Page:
The Basics of Non-Fungible Tokens (NFTs) Explained

By: Peter F. Cifichiello and Amanda E. Schreyer
February 09, 2022

The popularity of non-fungible tokens NFTs skyrocketed in early 2021, even though they have existed on various blockchains since 20121. It seems like everyone is talking about these digital assets right now2. Despite the ubiquity of references to these digital assets in headlines and crypto-parlance, many people are still uncertain about what exactly an NFT is, how one is bought and sold, applicable intellectual property rights, and a variety of other founder and investor concerns. This article is meant as a primer for the uninitiated as well as a road map for potential issues that entrepreneurs and attorneys alike may need to understand as NFTs continue to grow as a part of the digital economy.

What is an NFT?

NFTs are crypto tokens, managed on a decentralized blockchain ledger, and coded to have unique IDs that are not replicable. Unlike fungible assets that are identical and can be substituted for one another (like bitcoin, for example), no two non-fungible tokens are the same. In short, NFTs are digital receipts representing the existence of some unique thing but are not the thing itself.

Almost anything can be an NFT. NFTs have invaded a variety of industries, including arts3, fashion4, sports5, alcohol,6 and e-gaming.7 An NFT can represent anything from a stick figure doodle to high art, and even Sotheby’s and Christie’s auction houses have gotten into the market of selling NFTs.8

When an NFT is created, or “minted,” it is encoded in the blockchain, and can’t be changed. The owner of the NFT can keep it in their crypto wallet forever, or transfer ownership to someone else – and that transfer will also be immutably recorded on the blockchain. Because NFTs exist in a relatively new, speculative, and largely unregulated market, those investing should be prepared for the high risks and possible losses that accompany such innovation.

Valuation of NFTs

Some experts believe the value of an NFT is determined by its utility (how it can be used, like game assets or tickets), its ownership history (if it was created or owned by an influential person), its future value (driven by scarcity and speculation) and liquidity premium (creation on a popular platform).9 Even still, it can be hard to determine what NFTs offer a strong purchase and potential investment growth and what is a lemon.10 Most buyers of NFTs are driven less by the valuation analysis above and more by a collector’s mentality – wanting to be the only one who has a thing that others want.11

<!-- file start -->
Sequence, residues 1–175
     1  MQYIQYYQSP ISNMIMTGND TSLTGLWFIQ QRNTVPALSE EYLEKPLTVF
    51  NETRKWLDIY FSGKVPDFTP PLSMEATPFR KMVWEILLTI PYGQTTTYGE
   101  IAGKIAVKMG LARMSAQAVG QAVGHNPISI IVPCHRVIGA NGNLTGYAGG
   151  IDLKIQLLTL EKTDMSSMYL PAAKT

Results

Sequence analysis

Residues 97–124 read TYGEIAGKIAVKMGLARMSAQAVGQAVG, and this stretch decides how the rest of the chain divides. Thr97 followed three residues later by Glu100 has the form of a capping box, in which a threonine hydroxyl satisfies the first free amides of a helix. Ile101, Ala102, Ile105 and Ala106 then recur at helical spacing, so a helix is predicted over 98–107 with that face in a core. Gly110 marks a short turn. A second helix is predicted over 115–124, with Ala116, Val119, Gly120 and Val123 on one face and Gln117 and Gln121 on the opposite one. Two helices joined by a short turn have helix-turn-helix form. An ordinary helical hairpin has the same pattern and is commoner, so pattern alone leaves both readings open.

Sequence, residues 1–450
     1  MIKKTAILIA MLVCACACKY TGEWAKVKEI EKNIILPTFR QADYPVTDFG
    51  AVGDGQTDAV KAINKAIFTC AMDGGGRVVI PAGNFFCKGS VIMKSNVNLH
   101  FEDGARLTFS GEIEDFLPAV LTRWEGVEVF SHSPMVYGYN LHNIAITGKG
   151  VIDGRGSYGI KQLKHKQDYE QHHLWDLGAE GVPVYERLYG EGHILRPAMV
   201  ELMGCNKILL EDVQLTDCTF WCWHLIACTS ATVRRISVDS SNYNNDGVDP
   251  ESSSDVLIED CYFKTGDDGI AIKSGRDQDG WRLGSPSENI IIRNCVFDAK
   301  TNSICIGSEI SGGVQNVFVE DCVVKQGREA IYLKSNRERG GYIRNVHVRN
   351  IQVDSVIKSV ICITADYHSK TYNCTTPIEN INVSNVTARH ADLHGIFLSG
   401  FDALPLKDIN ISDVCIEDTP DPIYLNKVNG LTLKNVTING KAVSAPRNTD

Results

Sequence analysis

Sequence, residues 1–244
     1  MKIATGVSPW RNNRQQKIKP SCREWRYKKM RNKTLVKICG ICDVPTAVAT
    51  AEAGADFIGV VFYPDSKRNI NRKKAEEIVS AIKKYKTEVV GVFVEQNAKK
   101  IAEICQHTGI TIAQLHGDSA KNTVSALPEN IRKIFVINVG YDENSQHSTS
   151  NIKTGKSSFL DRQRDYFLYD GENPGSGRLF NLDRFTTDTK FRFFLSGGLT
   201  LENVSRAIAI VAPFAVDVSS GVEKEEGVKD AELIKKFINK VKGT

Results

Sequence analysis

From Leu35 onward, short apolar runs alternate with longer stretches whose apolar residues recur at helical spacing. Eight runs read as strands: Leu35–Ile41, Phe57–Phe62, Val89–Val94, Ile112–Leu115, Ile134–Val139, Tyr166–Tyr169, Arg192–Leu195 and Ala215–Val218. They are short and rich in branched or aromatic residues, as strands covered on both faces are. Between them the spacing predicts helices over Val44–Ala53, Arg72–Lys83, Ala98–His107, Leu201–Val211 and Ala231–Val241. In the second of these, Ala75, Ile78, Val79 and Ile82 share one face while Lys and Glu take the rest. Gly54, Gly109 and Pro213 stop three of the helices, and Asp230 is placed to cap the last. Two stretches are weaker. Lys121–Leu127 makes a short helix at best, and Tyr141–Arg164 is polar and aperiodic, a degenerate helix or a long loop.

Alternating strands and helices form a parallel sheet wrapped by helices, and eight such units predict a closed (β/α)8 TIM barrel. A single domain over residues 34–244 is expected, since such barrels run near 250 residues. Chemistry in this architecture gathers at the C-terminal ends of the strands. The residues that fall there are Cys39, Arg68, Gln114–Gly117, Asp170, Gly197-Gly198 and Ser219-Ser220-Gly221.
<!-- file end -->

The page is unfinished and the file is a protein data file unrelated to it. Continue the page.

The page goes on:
Minting an NFT

To mint an NFT, a user must create an account on a blockchain platform (for example, OpenSea or Foundation). Once a user has made an account and purchased some cryptocurrency (the type depends on the underlying blockchain), the user can upload an image (along with a title and description) and then simply hit the “Mint NFT” button. Some platforms charge “gas,” meaning the fluctuating price that minters charge to write new data on a blockchain, which is payable in crypto currency. Others, like OpenSea, are free to create an NFT, but later require a small fee based on a percentage of the final sale value of the asset.12 Once the NFT is minted on your account, you “sign” the transaction, which forever links the NFT to your unique blockchain account and wallet. This process verifies the NFT belongs to the creator.

Buying and Selling NFTs

How to buy NFTs

Because NFTs are managed on a blockchain, many common platforms require you to buy cryptocurrency to purchase an NFT on their sites. OpenSea, one of the most popular platforms to buy and sell NFTs, uses the cryptocurrency Ether (used on the open-source blockchain Ethereum, which has smart contract functionality). Other websites use the cryptocurrency, Wax, while a select few do allow you to purchase NFTs in U.S. dollars.13

The sales themselves take place either by auction or direct, fixed price sales. Most of the sites offer both, with sale by auction being more common. There are open marketplaces where anyone can mint, buy, or sell NFTs whether they created them or are selling them secondarily. Other markets prefer to curate who is minting and selling through their marketplace, and other marketplaces are proprietary and only sell their own NFTs. Different platforms create varying degrees of scarcity and demand across the NFT marketplace.